Monday, August 15, 2011

Places to Visit: Bergpark Wilhelmshöhe in Kassel, Germany

The people of the German city of  Kassel - my extended family included - are proud to inform anyone who will listen that their city has the largest Bergpark, or 'hill park', in Europe. To those of us who spend most of our lives in places without 'hill parks' of any sort, that distinction might not mean much. What, one might ask, is so special about a park that happens to be on hilly terrain? Well, as it turns out there is lots that is special about the Bergpark Wilhelmshöhe. Representing landscape architecture on a truly gargantuan scale, the steeply-sloped park and its monuments tower over the city, with its central axis extending all the way to the city center in the valley below in the form of a wide, dead-straight street known as the Wilhelmshöher Allee. A colossal status of Hercules, set on a large pyramidal base, crowns the highest point of the park and is visible from almost anywhere in the city. Below it a massive baroque cascade descends down the slope. Even further down the hill sits the large palace whose garden this park once was. It now houses an art museum that features a notable collection of antique sculpture as well as one of the most important collections of paintings by Rembrandt in Germany. The park further features  artificial castle ruins  from the late 18th century called the Löwenburg or 'lion's castle', a conservatory, various ponds and pavilions, a collection of shrub roses, and a slew of other features.

 The palace as glimpsed through the trees on the approach uphill

View along the central axis of the park from the parterre in front of the palace towards the Hercules statue

A classical statue flanked by Inula magnifica and various rhododendrons

The parks massive size and scattered attractions invite leisurely exploration. Coming from either the parking lot or the streetcar stop at the foot of the hill, it is a relatively short and moderately steep walk to the palace with the art museum. From the palace entrance the conservatory is visible to the right, surrounded in summer by elaborate Victorian-style bedding. Straight ahead lies the central vista of the park up the steepest part of the slope, along the cascade and towards the monumental Hercules at the top of the hill. To the left the land drops steeply towards a serious of ponds connected by a small stream, on the other side of which further woods as well as broad meadows rise gently towards the Löwenburg. In addition, the park's large collection of antique and modern shrub roses is arranged around the banks of these ponds.

 The central section of the conservatory, known as the Große Gewächshaus or 'great greenhouse'

Beds of annuals in front of the conservatory

Fragrant heliotrop (Heliotropium arborescens)

One of the various ponds

Some late roses in the shrub rose collection

Climbing roses conquering the trees

Light and shadow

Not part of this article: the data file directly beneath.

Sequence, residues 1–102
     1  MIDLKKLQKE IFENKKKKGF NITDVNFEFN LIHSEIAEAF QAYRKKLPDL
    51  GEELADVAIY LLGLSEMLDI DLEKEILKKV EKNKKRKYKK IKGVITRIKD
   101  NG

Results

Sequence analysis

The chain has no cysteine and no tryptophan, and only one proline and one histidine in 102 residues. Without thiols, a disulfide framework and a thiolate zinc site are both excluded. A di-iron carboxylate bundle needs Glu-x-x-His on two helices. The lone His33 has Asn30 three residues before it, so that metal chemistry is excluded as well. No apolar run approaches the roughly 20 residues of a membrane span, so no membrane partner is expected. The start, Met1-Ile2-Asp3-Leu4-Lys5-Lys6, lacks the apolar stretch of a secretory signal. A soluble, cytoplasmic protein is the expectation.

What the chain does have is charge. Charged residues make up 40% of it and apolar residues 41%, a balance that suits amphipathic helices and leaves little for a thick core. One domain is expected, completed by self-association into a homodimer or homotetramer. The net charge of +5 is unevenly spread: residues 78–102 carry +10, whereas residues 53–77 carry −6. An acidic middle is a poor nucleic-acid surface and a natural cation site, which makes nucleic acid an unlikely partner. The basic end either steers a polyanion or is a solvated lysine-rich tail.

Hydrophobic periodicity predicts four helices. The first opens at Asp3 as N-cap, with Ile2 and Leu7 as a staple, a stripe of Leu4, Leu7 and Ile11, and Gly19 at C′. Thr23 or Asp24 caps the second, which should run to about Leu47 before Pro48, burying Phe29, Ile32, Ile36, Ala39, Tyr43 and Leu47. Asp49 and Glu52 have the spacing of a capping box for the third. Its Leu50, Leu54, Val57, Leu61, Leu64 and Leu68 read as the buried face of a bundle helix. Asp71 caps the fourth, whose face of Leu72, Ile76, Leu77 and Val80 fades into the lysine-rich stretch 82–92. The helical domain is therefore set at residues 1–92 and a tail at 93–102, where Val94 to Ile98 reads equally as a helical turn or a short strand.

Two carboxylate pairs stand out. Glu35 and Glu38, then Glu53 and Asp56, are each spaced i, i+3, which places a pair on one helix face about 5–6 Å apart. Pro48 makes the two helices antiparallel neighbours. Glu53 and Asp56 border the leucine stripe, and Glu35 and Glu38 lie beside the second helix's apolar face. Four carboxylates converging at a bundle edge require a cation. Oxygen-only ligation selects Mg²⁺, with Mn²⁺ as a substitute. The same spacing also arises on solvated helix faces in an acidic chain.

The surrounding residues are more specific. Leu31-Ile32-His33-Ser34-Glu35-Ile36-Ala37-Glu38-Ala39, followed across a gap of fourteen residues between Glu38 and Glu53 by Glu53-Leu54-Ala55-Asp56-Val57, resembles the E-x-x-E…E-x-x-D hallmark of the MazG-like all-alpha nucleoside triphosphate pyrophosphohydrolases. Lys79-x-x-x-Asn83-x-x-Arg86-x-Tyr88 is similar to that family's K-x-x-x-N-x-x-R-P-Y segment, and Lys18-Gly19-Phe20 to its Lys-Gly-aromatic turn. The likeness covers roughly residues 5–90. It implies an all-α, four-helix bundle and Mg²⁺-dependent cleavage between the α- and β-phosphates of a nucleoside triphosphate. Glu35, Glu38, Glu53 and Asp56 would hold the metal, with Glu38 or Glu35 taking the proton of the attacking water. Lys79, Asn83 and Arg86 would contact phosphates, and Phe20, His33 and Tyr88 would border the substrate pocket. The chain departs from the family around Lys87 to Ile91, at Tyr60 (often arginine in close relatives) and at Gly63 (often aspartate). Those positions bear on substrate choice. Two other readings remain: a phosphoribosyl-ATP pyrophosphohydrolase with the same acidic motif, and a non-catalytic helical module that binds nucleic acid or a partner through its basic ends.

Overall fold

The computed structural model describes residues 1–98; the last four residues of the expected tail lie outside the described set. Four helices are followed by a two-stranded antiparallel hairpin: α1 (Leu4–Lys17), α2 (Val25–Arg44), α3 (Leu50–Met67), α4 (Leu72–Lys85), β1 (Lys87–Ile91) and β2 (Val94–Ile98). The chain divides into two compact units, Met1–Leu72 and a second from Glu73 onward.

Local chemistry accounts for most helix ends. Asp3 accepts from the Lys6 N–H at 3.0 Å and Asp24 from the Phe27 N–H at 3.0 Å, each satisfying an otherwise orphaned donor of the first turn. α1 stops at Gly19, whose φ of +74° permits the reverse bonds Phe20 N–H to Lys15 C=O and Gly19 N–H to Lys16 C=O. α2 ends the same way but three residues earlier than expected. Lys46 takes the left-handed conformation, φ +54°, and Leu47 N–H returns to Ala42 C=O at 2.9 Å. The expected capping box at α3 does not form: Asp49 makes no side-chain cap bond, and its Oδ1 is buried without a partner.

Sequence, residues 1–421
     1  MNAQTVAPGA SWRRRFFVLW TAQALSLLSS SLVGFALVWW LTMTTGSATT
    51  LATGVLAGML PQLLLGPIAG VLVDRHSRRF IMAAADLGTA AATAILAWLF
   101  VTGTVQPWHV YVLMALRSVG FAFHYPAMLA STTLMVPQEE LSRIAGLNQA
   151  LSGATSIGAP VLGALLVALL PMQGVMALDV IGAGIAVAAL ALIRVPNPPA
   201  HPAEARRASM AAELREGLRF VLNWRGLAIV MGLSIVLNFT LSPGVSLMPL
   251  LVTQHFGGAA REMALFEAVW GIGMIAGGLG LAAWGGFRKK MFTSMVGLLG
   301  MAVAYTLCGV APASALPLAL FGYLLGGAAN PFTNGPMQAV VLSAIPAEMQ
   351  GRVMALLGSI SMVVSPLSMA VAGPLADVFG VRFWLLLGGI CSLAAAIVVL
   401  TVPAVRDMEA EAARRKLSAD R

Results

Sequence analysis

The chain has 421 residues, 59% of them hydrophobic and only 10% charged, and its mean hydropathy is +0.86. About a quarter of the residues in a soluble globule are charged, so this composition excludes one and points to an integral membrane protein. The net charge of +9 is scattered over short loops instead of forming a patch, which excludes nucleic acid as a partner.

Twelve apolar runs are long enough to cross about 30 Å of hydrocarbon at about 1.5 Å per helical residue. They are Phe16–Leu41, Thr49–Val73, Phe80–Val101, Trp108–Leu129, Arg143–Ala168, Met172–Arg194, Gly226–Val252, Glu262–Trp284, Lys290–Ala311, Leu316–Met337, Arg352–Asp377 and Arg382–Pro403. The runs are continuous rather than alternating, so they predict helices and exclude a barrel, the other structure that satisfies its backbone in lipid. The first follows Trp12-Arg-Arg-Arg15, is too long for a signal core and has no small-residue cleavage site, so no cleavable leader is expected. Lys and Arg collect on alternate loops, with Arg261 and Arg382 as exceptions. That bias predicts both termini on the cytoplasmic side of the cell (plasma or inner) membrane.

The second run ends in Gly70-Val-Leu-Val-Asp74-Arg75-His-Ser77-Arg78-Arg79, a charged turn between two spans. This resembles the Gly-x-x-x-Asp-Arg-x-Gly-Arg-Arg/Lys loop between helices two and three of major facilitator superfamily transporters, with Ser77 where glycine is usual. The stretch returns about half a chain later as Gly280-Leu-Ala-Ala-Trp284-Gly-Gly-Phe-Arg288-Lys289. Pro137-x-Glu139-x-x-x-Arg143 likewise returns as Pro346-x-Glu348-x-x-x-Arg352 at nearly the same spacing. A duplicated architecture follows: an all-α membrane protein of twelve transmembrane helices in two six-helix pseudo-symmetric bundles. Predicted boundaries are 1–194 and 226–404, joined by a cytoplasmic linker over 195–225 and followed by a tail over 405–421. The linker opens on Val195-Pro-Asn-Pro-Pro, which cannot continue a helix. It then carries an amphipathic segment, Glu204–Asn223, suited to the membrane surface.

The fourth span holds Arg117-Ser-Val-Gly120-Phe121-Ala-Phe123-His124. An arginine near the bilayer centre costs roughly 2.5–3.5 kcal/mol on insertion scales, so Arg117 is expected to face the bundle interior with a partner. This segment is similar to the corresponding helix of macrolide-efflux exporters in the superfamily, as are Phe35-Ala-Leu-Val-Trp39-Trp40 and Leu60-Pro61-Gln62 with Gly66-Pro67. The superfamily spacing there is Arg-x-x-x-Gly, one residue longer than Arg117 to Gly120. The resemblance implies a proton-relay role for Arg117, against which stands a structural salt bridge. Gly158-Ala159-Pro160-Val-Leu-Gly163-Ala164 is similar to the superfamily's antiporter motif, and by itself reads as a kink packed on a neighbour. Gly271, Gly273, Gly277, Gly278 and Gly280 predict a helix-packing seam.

The Löwenburg

 One of the broad meadows below the 18th-century "medieval"  castle

The design of most sections of the Bergpark Wilhelmshöhe follows the precepts of the English landscape garden. This is due in large part to the work carried out beginning on 1785 under local ruler Wilhelm IX. He also razed an older residence on the site and replaced it with the neoclassical palace still in existence today. The name of the palace and ultimately the park and even the surrounding part of the city is also part of his legacy, for prior to his reign the hill at Wilhelmshöhe or 'Wilhelm's height' was known as the Karlsberg or 'Karl's mountain' after one of his predecessors, and the old palace was known as Weißenstein. However, in the uppermost third of the park the most conspicuous features of 'Karl's mountain' survived, namely the huge baroque Hercules monument and the Italianate cascade which had been created for Karl beginning in 1701  under the guidance of the Roman architect Giovanni Francesco Guerniero. One can climb up the stairs on either side of the cascade all the way to the base of the massive monument, which on clear days offers amazing views of the whole city and surrounding countryside. The water in the cascades and fountains does not run constantly but usually at set times twice a week from late spring until mid-fall.

 View across the Fontänenteich or 'fountain pond' halfway between the palace and the cascade

 A smaller artificial woodland at the edge of the woods next to the central vista

 A small bridge, another one of the playful monuments along the ascent towards the cascade and the Hercules statue

 View towards the Hercules from the bottom of the cascade

 View from the top of the cascade towards the city

The Bergpark Wilhelmshöhe is open to the public year-round and free of charge. If you want to know more about it, the Wikipedia pages for it in English and German are a great start, with lots of information and further links. There are also tons of videos on YouTube if you want to get an idea of what the cascades and fountains look like when the water is turned on; unfortunately most are not of particularly high  picture or sound quality, which is why I did not bother to include one in this post.




5 comments:

  1. That is one of the most beautiful parks I have ever seen. So much going on all over and the water features are stunning. Thx for sharing this lovely place.

    ReplyDelete
  2. Wow! Thank you for the tour, I enjoyed it very much. You are right, it is gardening on a grand scale... I loved the last picture with the cascade and the amazing view.

    ReplyDelete
  3. must have been nice walking through. love the heliotropes

    ReplyDelete
  4. You have a very impressive blog and this was a wonderful tour of the hill park.

    ReplyDelete
  5. Anita - Thank you, I am glad you enjoyed it... :)

    ReplyDelete

Thanks for stopping by!